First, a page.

Bryant prelim still a go, so far | VailDaily.com
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Bryant prelim still a go, so far

Los Angeles Lakers guard Kobe Bryant fields questions from the media during camp Saturday, Oct. 4, 2003, in Honolulu, Hawaii. (AP Photo/Douglas C. Pizac)
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A status conference conference in the morning with Eagle County Court Judge Fred Gannett did not end with Bryant’s defense attorneys waiving the preliminary hearing.

At least not yet.

“Tuesday morning was a procedural meeting to determine how they’re going to proceed Thursday,” said District Attorney’s Office spokeswoman Krista Flannigan.



Speculation has run rampant that Bryant’s defense attorneys, Pamela Mackey and Hal Haddon, would waive Thursday’s preliminary hearing, perhaps as early as Tuesday, opting to go straight to trial.

Attorneys have said repeatedly that Bryant’s defense attorneys stand to gain nothing from a preliminary hearing, since they already have all the same evidence the prosecution has, as is required by the rules of the justice system.



“I’d be surprised if he shows up,” said local attorney Rohn Robbins. “The only advantage I can imagine is for them to present the image of him stepping up to face his charges like a man.

“Maybe they also held out some unrealistic hope that the alleged victim would be forced to testify or that they would get a shot at her and show her to be problematic or unstable.”

Gannett also scheduled a conference for 12:15 p.m. Thursday, just 45 minutes before Bryant’s preliminary hearing is scheduled to begin. That conference will finalize any procedural matters.



It’s also at that conference when Mackey and Haddon will make their final decision whether or not to waive the preliminary hearing.

“They have until the preliminary hearing begins at 1 o’clock to exercise that option,” said Flannigan.

The preliminary hearing is scheduled to take a half a day.

Robbins said the suspense surrounding the event has given Bryant’s attorneys a forum to potentially influence public opinion. By staying in it until the eleventh hour, Robbins said, they may be trying to maximize that influence.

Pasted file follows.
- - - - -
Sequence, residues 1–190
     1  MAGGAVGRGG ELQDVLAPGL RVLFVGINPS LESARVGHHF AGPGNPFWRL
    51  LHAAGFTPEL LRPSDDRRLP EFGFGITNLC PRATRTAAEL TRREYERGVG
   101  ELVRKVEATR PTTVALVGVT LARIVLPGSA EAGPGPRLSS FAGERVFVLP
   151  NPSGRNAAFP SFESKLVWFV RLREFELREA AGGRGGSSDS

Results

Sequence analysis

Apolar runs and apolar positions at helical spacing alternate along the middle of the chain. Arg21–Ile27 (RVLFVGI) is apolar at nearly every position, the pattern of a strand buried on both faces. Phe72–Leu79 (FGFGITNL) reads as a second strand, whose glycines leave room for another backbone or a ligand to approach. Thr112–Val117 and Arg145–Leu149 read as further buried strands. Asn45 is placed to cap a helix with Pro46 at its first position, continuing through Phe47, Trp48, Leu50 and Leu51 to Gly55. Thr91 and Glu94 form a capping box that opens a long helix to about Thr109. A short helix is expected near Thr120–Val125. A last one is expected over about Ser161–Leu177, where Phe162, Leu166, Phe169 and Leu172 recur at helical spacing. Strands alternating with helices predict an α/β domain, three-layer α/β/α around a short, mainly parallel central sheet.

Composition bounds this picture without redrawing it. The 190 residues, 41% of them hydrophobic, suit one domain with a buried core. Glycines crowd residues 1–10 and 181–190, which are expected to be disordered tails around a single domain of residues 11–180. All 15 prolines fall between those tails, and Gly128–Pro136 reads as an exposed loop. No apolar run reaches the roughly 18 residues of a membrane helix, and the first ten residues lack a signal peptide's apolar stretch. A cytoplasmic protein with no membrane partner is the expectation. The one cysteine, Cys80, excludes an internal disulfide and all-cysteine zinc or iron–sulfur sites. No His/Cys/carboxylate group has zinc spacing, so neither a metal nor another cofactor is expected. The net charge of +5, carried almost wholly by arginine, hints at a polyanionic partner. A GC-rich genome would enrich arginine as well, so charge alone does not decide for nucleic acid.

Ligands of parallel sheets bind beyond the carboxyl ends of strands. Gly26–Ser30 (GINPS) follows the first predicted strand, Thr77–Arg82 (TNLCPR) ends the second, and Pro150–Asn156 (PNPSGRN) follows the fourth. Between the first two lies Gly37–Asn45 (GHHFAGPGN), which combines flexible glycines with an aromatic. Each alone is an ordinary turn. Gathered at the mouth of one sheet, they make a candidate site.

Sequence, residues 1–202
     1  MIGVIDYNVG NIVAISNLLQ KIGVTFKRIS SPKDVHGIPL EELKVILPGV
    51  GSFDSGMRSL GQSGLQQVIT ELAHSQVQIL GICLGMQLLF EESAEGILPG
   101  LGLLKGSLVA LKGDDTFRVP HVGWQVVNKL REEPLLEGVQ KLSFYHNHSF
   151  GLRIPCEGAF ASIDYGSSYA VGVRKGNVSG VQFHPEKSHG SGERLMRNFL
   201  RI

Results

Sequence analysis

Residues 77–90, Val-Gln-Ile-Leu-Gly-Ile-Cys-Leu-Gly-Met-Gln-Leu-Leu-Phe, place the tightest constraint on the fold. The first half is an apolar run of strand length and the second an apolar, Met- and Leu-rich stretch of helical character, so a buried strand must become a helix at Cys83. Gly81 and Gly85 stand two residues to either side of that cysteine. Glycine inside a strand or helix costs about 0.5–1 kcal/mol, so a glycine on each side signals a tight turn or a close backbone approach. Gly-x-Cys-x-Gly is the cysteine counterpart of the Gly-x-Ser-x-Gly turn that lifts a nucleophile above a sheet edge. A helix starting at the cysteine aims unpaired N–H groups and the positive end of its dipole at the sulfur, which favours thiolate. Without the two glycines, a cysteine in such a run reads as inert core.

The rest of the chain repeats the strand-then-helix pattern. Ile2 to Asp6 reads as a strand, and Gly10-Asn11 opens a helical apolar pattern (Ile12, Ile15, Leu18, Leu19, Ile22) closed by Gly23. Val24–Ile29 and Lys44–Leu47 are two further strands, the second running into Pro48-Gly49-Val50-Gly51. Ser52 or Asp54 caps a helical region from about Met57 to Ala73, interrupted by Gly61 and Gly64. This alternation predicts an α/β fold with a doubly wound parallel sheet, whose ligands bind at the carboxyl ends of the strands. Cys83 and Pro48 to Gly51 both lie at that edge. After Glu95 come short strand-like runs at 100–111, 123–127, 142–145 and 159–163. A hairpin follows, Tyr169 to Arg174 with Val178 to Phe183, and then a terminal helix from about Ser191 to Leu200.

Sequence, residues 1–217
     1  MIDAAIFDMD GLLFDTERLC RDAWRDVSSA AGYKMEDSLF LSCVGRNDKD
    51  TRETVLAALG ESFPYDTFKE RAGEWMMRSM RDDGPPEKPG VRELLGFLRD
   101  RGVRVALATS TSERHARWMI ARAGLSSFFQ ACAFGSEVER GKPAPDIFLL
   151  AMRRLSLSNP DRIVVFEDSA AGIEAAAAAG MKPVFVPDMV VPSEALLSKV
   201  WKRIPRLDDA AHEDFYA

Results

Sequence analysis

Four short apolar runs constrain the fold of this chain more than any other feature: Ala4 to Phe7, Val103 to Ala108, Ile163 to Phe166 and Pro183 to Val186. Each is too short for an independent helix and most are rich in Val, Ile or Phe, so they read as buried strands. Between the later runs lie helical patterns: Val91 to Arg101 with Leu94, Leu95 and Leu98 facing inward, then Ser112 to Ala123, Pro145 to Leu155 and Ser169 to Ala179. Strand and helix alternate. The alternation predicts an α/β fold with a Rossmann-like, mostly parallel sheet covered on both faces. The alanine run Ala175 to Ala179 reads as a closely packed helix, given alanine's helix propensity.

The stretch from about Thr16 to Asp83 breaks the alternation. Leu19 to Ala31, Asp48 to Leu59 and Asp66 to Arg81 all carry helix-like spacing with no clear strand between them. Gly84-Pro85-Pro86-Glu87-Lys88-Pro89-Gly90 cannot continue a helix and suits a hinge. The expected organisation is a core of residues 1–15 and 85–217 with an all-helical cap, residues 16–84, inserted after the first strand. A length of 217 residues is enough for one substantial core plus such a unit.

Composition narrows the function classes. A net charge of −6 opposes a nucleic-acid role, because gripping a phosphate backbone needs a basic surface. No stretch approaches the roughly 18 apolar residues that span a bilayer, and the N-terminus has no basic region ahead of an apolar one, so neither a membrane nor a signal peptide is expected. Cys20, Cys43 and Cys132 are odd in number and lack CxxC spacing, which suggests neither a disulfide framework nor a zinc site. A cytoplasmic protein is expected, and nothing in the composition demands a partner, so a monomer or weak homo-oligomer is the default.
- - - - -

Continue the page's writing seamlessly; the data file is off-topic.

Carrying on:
“Still, I cannot imagine there being any advantage to them actually going through with the preliminary hearing,” he said.

The preliminary hearing is shaping up to be the same sort of media circus as Bryant’s advisement Aug. 6, with the media gathered days ahead of time in anticipation.

“From a political point of view, I’d be sensitive to the gathered press and what they went through to be here,” said Robbins. “If the defense waits until the eleventh hour, it’s possible they could minutely slant the press unconsciously against them.

“If they were going to waive it, I would do it with some courtesy toward the media, simply to try to have them on my side.”

After hearing the evidence at the preliminary hearing, Gannett will rule whether there is probable cause to send Bryant’s case to District Court for trial. It’s possible, but not likely, that Bryant’s first hearing in District Court could also come Thursday.

It’s possible that the defense could waive the preliminary hearing, then walk up the hall to District Judge Tom Moorhead’s court for Bryant’s arraignment. It’s during that first hearing in District Court, at Bryant’s arraignment, that he will enter a plea.

Moorhead will be in Eagle on Thursday, but Flannigan said he already has a full docket of cases.

Flannigan said that’s possible he could hear Bryant’s arraignment Thursday, but highly unlikely.

“Judge Moorhead has regular arraignment days, and he already has a full day of cases,” said Flannigan. “It’s not likely he’ll be hearing anything additional.”

Bryant, 25, is charged with one count of felony sexual assault. He is charged with raping a 19-year-old Eagle woman June 30 at the Lodge and Spa at Cordillera, where she was a worker and he was a guest.


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